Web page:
Late last week, Judge Emil Giordano of Northampton County, Pennsylvania issued his decision related to the Complaint for Injunctive Relief filed by the Rho Chapter of Chi Phi Fraternity against Lafayette College. While it was reported as a complete victory for the college, the decision is actually more nuanced.
In reviewing the materials, there were three primary requests by Chi Phi to be addressed:
1. “Order the College to return possession of its fraternity house so that it may use the house to lodge undergraduate members of Rho Chapter.”
2. “The College be ordered to pay Rho Chapter damages for loss of revenue.”
3. The College be ordered to pay Rho Chapter for “physical damage to Vallamont.”
Everything about this case is a contractual dispute, and the applicable agreements are the founding agreement from 1909, and 2006 & 2010 agreements covering the use of Vallamont by Lafayette during the interim period.
With several pages of discussion, the judge found that the Rho Chapter was inactive or dormant during the past six years, and thus not eligible to return to Vallamont. (Read the decision to fully understand all that went into that decision.) With that decision made, the judge turned to the 1909 agreement, specifically this passage: “[Rho Chapter] agrees to provide by its regulations for the full and faithful observance of the College Rules now and hereafter, from time to time, established and enacted by the College with regard to Fraternity Houses.”
With that said, the recent decisions made by Lafayette and the College’s Board of Trustees related to the future of fraternities and sororities are determined to be rules of the College. Therefore Chi Phi could not re-establish the Rho Chapter without approval from the Board of Trustees. Since there cannot be an active chapter of Chi Phi, the College can have “the use and right to occupy [Vallamont] for such purposes in connection with the College as the College deems proper” (from the 1909 agreement).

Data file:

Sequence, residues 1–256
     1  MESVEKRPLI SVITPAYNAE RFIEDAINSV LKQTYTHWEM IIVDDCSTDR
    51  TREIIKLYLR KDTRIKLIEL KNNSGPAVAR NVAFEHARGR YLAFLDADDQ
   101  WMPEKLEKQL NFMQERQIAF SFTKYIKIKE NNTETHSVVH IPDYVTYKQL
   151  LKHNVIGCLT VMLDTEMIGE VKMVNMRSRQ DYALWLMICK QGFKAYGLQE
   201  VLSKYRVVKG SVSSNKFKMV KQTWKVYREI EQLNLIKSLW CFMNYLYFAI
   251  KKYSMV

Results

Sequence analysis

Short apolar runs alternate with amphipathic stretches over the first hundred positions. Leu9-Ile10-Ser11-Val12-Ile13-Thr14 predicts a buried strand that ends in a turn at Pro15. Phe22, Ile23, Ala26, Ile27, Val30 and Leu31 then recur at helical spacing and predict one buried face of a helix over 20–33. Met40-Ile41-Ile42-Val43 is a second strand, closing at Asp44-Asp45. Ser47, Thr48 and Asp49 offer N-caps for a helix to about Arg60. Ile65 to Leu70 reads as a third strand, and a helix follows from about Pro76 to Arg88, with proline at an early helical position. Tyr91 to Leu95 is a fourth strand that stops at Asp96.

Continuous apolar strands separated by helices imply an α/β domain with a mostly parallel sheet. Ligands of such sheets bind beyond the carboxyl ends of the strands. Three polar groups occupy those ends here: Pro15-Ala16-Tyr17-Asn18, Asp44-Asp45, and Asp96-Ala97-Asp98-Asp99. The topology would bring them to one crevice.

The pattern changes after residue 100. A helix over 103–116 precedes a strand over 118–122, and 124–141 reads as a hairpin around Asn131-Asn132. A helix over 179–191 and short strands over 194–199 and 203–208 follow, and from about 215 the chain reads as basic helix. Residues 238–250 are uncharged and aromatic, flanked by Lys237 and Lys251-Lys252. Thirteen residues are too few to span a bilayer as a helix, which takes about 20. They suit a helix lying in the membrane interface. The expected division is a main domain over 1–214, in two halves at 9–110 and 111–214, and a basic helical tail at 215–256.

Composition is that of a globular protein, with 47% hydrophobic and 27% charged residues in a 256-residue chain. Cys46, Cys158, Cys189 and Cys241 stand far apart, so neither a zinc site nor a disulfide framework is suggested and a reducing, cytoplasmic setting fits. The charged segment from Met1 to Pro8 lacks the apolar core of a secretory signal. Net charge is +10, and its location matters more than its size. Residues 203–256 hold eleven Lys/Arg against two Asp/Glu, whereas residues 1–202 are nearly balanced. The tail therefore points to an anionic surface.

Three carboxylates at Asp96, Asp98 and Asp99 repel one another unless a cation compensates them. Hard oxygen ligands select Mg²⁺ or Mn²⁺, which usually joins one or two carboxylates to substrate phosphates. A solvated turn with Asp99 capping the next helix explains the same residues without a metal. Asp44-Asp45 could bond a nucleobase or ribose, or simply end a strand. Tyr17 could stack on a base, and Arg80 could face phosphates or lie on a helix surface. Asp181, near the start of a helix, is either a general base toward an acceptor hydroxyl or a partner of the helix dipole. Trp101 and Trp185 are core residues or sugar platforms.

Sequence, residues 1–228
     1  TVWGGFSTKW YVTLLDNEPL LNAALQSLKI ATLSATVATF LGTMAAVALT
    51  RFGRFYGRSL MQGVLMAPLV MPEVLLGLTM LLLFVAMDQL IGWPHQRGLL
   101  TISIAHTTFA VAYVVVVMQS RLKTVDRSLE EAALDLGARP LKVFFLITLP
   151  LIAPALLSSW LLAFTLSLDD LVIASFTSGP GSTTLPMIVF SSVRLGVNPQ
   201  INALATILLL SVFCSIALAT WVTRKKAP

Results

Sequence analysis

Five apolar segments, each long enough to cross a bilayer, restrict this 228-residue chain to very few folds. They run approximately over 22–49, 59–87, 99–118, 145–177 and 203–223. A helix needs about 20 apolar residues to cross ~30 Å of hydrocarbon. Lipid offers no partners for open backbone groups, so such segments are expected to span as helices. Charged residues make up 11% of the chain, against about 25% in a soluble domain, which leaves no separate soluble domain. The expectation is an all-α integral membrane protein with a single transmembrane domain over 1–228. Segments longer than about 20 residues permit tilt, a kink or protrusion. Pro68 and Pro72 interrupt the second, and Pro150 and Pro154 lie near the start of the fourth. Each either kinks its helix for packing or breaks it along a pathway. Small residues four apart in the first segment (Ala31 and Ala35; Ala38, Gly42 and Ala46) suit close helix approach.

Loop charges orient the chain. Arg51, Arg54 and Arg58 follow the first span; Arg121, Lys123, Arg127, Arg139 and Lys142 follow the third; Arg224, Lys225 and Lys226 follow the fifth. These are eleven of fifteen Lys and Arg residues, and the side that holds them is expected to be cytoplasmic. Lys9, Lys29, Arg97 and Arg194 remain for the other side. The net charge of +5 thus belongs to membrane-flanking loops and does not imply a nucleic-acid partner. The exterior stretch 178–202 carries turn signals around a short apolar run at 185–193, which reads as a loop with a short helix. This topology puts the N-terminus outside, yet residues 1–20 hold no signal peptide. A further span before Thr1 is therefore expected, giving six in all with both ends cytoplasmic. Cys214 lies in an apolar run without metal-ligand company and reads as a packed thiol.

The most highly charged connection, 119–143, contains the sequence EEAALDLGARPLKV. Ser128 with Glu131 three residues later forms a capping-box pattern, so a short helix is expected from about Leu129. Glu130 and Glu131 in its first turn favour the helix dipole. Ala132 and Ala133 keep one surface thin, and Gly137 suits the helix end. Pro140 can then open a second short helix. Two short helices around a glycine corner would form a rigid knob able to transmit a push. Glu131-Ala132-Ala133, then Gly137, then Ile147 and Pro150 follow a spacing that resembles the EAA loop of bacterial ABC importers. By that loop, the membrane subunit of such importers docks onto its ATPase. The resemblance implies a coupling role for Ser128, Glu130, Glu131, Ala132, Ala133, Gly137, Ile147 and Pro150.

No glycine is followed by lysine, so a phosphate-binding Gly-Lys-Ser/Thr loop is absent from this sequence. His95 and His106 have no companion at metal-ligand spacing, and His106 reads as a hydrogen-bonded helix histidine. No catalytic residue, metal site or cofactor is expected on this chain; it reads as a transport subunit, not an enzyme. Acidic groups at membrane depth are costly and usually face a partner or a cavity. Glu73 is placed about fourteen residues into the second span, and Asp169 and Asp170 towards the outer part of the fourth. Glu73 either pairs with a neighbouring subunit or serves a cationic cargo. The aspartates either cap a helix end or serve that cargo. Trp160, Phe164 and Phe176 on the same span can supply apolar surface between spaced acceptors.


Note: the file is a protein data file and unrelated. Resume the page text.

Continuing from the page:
With that question answered, it was determined that the second request (for loss of revenue) was without merit. However, on the third request, the judge found that the College was in breach of contract related to damages within the facility, and required Lafayette to remedy the situation by restoring the kitchen to “good order and condition.”
With all of that said, this case somewhat overshadows a much bigger issue. Recent actions indicate that Lafayette College is seriously considering eliminating fraternities and sororities from its campus. The ownership and occupancy (and value) of Vallamont will be a moot point on a campus that does not have any fraternities.
From my distance, it appears that the best approach for the Rho Chapter, and its alumni, is to negotiate a new agreement with Lafayette to cover the remaining years of the College’s evaluation of fraternities and sororities, and then do everything possible to demonstrate the value of fraternities and sororities to higher education in general, and specifically to Lafayette College.
It appears that the future of the fraternity/sorority community at Lafayette is seriously threatened. Preserving its 150+ years of history, and building a healthy and safe community for the future, should be the highest priority for everyone involved.